Almsgiving. It’s not a word that we use a lot. Although we use it here in Croydon when we talk about Almshouses.
Of course, we’re talking about ‘alms’ with an ‘l’ not with an ‘r’.
Almsgiving, the giving of alms, is about gifts to those less fortunate than ourselves. We are giving alms, with an ‘l’ when we give to those in need.
Almsgiving is all about receiving with gratitude and giving with grace. It’s a two-way process, as Ecclesiasticus notes:
‘Do not let your hand be stretched out when it is time to receive and closed when it is time to give’ (Sirach 4.31)
And almsgiving has long been associated with the season of Lent. St Leo the Great (400-461) was making this connection in the fifth century, when he wrote, ‘to this sensible and holy fast we should link almsgiving which under the one name of covers a multitude of praiseworthy deeds of charity’.
And the book of Tobit gives us another thought for Lent, ‘Prayer with fasting is good, but better than both is almsgiving with righteousness. A little with righteousness is better than wealth with wrongdoing. It is better to give alms than to lay up gold’. (Tobit 12.8)
That places almsgiving firmly in the practices of Lent, although we can do it anytime too, but let’s now think what it is, why we do it and how we do it.
What is almsgiving?
It is, at it’s most basic, a gift we make out of love.
This is charitable giving, motivated out of love and prayer.
It’s not about duty; but about joy and generosity and love.
Almsgiving is traditionally combined with fasting because, when we do, we both give something up and we take something on.
So someone fasting should also be generous in giving to those who do not choose to go hungry.
Almsgiving is also part of our wider giving. So Christians would normally give in a twofold way: for the mission and worship of the church and for those in need.
And both are offered ultimately to God.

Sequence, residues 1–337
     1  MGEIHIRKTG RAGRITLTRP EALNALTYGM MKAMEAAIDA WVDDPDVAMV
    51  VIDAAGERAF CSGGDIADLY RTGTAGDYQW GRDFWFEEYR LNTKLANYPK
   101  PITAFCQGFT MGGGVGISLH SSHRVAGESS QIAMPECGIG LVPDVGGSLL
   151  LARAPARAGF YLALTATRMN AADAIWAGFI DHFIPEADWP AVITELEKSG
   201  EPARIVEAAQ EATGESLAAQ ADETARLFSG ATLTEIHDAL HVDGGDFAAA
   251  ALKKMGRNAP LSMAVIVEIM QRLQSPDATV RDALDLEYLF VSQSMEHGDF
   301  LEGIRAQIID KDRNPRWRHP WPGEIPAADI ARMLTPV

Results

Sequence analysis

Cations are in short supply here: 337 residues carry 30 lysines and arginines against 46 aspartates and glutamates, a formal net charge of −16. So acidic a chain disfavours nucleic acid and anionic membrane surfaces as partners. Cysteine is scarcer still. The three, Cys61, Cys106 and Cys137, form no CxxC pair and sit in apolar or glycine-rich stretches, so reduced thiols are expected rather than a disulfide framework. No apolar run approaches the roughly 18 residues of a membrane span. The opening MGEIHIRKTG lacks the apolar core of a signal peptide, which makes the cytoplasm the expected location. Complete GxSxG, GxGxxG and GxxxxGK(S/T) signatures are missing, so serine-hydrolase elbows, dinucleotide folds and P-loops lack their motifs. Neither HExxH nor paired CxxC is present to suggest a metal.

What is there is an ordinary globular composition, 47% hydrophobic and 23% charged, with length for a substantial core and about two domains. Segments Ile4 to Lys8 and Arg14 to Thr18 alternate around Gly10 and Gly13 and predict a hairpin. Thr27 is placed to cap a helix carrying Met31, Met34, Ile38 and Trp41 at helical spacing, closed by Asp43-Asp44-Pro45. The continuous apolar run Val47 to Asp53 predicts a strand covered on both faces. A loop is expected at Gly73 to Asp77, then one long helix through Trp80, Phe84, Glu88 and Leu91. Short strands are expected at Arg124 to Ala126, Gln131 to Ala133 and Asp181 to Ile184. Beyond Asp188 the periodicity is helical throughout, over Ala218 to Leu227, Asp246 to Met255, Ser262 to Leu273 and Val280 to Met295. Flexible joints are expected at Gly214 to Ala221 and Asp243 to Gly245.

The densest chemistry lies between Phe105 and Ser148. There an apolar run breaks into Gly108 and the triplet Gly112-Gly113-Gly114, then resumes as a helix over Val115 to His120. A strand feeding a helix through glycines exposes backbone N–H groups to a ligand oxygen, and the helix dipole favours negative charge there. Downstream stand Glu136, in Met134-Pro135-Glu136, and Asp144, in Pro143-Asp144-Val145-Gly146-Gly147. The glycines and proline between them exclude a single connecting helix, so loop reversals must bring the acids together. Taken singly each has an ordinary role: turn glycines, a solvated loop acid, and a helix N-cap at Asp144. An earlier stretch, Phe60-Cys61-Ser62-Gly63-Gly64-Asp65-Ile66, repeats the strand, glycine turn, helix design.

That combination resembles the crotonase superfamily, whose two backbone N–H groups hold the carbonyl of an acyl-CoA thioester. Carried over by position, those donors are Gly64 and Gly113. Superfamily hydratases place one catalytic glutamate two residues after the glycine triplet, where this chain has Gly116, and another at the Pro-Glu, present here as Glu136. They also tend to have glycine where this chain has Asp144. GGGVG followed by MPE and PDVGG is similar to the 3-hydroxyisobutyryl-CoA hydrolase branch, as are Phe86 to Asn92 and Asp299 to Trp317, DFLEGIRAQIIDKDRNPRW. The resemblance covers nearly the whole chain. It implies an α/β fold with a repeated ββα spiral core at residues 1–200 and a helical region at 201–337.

Why do we give alms?
The most basic reason is that it is something that will make a difference to another person, it will improve their life, it is, in a beautiful, older expression, a corporal act of mercy.
That goes deeper too. It is the lesson of the Parable of the Sheep and the Goats (Matthew 25.31-end), summed up in the pithy phrase of St Rose of Lima (1586-1617) who said:
When we serve the poor and the sick, we serve Jesus. We must not fail to help our neighbours, because in them we serve Jesus.
This connects the act of giving alms with the motivation for giving alms.
That’s why we do it: out of care for those in need and love for Jesus.
How do we give alms?
There are many and various ways to give alms today.
Churches used to have an ‘alms dish’ but now we can have a Direct Debit, a Standing Order, Chip and Pin, Contactless, Just Giving or putting a coin in a collection box.
It is wonderful that the how of giving alms has never been easier.
The question of how we give alms also comes into the discussion about tithing, which is the Biblical imperative of giving away a tenth of your income.
The Church of England, which is tremendously bashful about money (unless saying it hasn’t got enough), commends giving away 10% of income which 5% might be directly to the church, and 5% to charity, in other words almsgiving. Either way, St Paul gives some helpful advice:
Each of you should give what you have decided in your heart to give, not reluctantly or under compulsion, for God loves a cheerful giver. (2 Corinthians 9.7)
How we give is down to us: but, however we do it, we should give with a cheerful heart.